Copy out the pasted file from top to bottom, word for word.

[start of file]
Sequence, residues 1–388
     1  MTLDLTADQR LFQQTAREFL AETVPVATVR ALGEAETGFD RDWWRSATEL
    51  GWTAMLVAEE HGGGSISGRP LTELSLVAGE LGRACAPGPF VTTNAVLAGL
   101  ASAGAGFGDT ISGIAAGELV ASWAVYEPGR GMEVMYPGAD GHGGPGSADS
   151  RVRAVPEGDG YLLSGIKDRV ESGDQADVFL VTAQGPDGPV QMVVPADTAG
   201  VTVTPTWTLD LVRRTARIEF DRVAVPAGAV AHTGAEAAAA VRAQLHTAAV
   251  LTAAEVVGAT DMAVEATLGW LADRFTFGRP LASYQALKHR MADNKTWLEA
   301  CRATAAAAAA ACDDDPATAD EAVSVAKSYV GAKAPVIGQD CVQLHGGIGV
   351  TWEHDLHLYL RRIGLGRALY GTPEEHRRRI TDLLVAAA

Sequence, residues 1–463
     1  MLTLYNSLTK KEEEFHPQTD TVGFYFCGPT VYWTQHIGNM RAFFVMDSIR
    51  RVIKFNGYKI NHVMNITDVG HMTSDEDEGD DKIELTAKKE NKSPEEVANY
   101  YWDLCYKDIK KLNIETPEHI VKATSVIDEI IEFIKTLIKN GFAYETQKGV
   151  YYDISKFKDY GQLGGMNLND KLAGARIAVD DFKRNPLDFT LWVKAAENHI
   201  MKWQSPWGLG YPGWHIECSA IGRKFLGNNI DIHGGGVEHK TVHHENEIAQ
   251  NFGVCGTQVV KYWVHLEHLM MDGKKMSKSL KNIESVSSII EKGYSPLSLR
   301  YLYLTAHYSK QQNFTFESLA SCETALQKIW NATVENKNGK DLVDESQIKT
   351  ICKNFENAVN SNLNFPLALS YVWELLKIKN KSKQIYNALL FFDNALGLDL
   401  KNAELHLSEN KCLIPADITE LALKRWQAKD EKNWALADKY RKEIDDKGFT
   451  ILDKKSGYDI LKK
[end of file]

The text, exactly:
Sequence, residues 1–388
     1  MTLDLTADQR LFQQTAREFL AETVPVATVR ALGEAETGFD RDWWRSATEL
    51  GWTAMLVAEE HGGGSISGRP LTELSLVAGE LGRACAPGPF VTTNAVLAGL
   101  ASAGAGFGDT ISGIAAGELV ASWAVYEPGR GMEVMYPGAD GHGGPGSADS
   151  RVRAVPEGDG YLLSGIKDRV ESGDQADVFL VTAQGPDGPV QMVVPADTAG
   201  VTVTPTWTLD LVRRTARIEF DRVAVPAGAV AHTGAEAAAA VRAQLHTAAV
   251  LTAAEVVGAT DMAVEATLGW LADRFTFGRP LASYQALKHR MADNKTWLEA
   301  CRATAAAAAA ACDDDPATAD EAVSVAKSYV GAKAPVIGQD CVQLHGGIGV
   351  TWEHDLHLYL RRIGLGRALY GTPEEHRRRI TDLLVAAA

Sequence, residues 1–463
     1  MLTLYNSLTK KEEEFHPQTD TVGFYFCGPT VYWTQHIGNM RAFFVMDSIR
    51  RVIKFNGYKI NHVMNITDVG HMTSDEDEGD DKIELTAKKE NKSPEEVANY
   101  YWDLCYKDIK KLNIETPEHI VKATSVIDEI IEFIKTLIKN GFAYETQKGV
   151  YYDISKFKDY GQLGGMNLND KLAGARIAVD DFKRNPLDFT LWVKAAENHI
   201  MKWQSPWGLG YPGWHIECSA IGRKFLGNNI DIHGGGVEHK TVHHENEIAQ
   251  NFGVCGTQVV KYWVHLEHLM MDGKKMSKSL KNIESVSSII EKGYSPLSLR
   301  YLYLTAHYSK QQNFTFESLA SCETALQKIW NATVENKNGK DLVDESQIKT
   351  ICKNFENAVN SNLNFPLALS YVWELLKIKN KSKQIYNALL FFDNALGLDL
   401  KNAELHLSEN KCLIPADITE LALKRWQAKD EKNWALADKY RKEIDDKGFT
   451  ILDKKSGYDI LKK